In the 100 days after its Feb. 24 invasion of Ukraine, Russia’s revenue from exports of fossil fuels soared to 93 billion euros — about $97 billion — according to a report by the Center for Research on Energy and Clean Air.
Over the first 100 days of the war in Ukraine, France was the largest importer of Russian liquefied natural gas, the Finland-based research center found, while Germany bought the most Russian pipeline gas. China imported the most oil from Russia, and Japan imported the most coal.
As Western governments sought to pressure Moscow and many countries scrambled to wean themselves off Russian energy, the volume of Russia’s fuel exports fell 15 percent in May compared with the period before the invasion. But high fuel prices caused by rising global demand have kept money flowing into Moscow’s coffers, the report said, noting that Russia’s export prices were on average 60 percent higher than last year.
And a few countries increased imports of Russian fuel during the first 100 days of the war, including France, India, China, the United Arab Emirates and Saudi Arabia, the research center said.
France, Belgium and the Netherlands benefited from buying liquefied natural gas and crude oil on the spot market, it added. The purchases were made outside of preexisting contracts, “representing an active purchase decision,” according to the report.
France’s ecology ministry questioned the report’s methodology. It said that the country was a popular fuel import destination as it has four liquefied natural gas terminals, but that did not mean it was the final destination for the gas. In an emailed response to questions about spot-market purchases, a ministry spokeswoman said: “French authorities are determined, in close collaboration with all of their European partners, to diversify sources of supply, slash dependence [on Russian fuel] and reduce gas consumption.”
A spokesman for the Dutch Ministry of Economic Affairs and Climate Policy, Tim van Dijk, said in an emailed response that “it would be better to ask the companies which are involved as they know all the details.” Belgium’s energy ministry did not respond to a request for comment early Tuesday.
After weeks of negotiations, the European Union reached an agreement late last month to phase out Russian oil, but with an exception for pipeline deliveries, as a concession to Hungary. The mounting evidence of war crimes and gruesome images of bodies lying in the streets of Bucha, in Kyiv’s suburbs, spurred the 27-nation bloc to announce a phaseout of Russian coal and debate an oil embargo.
European Council President Charles Michel said the deal to end seaborne deliveries within months would cover more than two-thirds of oil imports from Russia, cutting off “a huge source of financing” for the Russian “war machine.”
The United States banned imports of Russian oil in March. On Sunday, President Biden blamed the Russian invasion of Ukraine for rising U.S. gas prices — which topped $5 per gallon on average nationally over the weekend — telling reporters that it is “outrageous what the war in Ukraine is causing.”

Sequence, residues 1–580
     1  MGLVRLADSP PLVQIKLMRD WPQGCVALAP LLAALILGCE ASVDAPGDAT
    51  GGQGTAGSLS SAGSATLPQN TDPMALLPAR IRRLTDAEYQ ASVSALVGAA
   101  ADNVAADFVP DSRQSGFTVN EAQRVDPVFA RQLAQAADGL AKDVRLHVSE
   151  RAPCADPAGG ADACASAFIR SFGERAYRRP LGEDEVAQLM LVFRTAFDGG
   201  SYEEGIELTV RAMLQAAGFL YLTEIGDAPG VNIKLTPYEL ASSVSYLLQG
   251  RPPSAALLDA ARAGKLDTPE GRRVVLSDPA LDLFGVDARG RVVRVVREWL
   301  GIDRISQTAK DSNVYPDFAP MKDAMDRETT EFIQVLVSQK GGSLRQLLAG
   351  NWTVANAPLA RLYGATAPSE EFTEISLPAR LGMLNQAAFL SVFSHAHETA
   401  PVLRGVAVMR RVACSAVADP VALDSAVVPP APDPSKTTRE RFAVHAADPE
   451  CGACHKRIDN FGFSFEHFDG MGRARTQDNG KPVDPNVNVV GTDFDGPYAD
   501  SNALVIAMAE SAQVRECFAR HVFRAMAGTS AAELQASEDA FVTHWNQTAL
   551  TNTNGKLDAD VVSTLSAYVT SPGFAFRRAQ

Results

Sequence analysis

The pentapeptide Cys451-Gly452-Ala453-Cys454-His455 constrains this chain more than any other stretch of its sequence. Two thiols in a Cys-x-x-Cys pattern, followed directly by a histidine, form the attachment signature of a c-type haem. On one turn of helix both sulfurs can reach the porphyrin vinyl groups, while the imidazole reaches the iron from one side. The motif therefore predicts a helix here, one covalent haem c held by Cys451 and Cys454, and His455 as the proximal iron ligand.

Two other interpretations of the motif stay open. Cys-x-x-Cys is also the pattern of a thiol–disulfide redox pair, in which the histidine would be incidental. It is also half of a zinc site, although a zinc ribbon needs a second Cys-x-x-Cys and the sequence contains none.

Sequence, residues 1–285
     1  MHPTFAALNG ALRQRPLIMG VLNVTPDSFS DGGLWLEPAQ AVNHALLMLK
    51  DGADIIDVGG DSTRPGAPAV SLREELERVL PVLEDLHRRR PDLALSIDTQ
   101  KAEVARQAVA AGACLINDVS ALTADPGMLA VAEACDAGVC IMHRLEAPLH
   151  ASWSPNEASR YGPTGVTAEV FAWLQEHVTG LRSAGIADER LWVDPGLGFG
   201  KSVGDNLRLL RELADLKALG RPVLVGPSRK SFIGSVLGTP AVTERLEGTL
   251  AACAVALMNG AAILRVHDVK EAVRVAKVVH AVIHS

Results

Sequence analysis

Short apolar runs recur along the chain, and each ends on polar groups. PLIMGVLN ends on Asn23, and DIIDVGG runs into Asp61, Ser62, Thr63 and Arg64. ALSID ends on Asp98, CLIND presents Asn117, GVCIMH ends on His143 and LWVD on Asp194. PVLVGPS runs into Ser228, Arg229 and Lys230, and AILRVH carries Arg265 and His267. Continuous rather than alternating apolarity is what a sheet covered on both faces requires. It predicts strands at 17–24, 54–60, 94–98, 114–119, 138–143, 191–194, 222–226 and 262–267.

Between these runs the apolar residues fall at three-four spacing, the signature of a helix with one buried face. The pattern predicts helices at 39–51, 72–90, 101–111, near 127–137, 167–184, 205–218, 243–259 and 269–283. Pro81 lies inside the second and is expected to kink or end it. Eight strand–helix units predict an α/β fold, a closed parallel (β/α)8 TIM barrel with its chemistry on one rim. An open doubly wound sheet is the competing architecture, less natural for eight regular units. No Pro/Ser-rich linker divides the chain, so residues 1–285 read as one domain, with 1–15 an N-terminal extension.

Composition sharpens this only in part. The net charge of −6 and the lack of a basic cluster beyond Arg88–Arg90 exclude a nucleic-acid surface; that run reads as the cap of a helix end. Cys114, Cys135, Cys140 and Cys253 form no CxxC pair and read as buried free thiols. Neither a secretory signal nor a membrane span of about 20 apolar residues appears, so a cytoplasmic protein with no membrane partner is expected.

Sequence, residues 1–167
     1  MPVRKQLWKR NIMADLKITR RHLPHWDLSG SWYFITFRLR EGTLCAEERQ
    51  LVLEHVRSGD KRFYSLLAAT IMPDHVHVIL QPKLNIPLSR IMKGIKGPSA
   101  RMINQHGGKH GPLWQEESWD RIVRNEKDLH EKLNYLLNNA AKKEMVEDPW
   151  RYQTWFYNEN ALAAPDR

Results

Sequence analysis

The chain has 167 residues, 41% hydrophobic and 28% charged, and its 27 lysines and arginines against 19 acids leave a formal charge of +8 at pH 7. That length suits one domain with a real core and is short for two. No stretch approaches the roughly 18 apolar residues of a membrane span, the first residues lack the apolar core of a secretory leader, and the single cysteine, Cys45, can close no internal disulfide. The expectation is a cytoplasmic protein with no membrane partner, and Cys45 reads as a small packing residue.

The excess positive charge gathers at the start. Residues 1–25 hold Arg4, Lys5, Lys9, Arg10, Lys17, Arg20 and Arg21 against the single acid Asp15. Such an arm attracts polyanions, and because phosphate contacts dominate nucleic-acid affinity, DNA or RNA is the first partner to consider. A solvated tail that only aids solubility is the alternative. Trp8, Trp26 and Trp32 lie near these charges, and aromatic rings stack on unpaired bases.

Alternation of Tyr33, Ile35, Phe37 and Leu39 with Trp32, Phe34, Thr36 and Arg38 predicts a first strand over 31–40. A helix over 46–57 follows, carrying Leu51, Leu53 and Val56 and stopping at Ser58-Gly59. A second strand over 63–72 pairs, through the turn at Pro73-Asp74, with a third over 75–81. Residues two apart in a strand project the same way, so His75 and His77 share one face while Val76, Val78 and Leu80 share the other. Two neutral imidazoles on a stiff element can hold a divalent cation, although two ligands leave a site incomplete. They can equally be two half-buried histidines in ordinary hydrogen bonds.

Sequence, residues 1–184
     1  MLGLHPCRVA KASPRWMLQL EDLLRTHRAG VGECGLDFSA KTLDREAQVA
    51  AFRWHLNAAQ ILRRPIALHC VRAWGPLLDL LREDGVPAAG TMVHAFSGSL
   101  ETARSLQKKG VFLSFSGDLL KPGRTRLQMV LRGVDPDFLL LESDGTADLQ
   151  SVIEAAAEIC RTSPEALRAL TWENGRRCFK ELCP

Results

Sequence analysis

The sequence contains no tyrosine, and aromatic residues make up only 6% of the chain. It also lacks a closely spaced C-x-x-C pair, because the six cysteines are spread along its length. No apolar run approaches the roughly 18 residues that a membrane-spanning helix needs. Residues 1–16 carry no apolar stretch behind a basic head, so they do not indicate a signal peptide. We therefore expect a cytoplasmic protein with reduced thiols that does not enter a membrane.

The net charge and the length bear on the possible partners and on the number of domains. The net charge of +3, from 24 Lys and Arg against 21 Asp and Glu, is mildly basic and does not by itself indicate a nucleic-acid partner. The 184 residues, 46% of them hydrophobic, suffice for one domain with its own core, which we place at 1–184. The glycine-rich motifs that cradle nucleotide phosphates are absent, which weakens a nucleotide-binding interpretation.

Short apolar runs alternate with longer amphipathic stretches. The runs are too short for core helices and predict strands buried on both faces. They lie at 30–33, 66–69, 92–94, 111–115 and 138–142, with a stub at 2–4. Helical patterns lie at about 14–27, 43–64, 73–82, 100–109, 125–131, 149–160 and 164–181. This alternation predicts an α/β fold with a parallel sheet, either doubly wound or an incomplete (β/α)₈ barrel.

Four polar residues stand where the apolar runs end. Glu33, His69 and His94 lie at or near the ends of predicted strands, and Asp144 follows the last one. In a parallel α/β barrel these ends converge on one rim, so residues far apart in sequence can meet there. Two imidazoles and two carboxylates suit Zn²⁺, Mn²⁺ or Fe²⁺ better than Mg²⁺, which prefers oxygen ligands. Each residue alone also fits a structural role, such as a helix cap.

Still, U.S. energy affairs envoy Amos Hochstein told lawmakers last week that Russia may be making more fossil fuel revenue than before the conflict, with global price hikes counteracting the effect of Western sanctions and demand higher than expected, as coronavirus lockdowns ease around the world.
As Russia’s war in Ukraine propels already-rising inflation in much of Europe to record highs, some European officials have called for steps to mitigate the rise in food and energy costs.
The Washington Post has reported that Russian President Vladimir Putin is digging in for a long war of attrition and seeking to use economic pressure, such as a blockade of Ukrainian grain exports, to erode Western support for Kyiv, according to members of Russia’s economic elite. The Kremlin hopes the West could lose focus in trying to counter the invasion, especially as global energy costs surge, The Post reported.
The U.S. director of national intelligence, Avril Haines, hinted at such concerns last month when she told senators that Putin is prepared for a prolonged conflict and “probably counting on U.S. and E.U. resolve to weaken as food shortages, inflation and energy shortages get worse.”
War in Ukraine: What you need to know
The latest: Russian President Vladimir Putin announced a “partial mobilization” of troops in an address to the nation on Sept. 21, framing the move as an attempt to defend Russian sovereignty against a West that seeks to use Ukraine as a tool to “divide and destroy Russia.” Follow our live updates here.
The fight: A successful Ukrainian counteroffensive has forced a major Russian retreat in the northeastern Kharkiv region in recent days, as troops fled cities and villages they had occupied since the early days of the war and abandoned large amounts of military equipment.
Annexation referendums: Staged referendums, which would be illegal under international law, are set to take place from Sept. 23 to 27 in the breakaway Luhansk and Donetsk regions of eastern Ukraine, according to Russian news agencies. Another staged referendum will be held by the Moscow-appointed administration in Kherson starting Friday.
Photos: Washington Post photographers have been on the ground from the beginning of the war — here’s some of their most powerful work.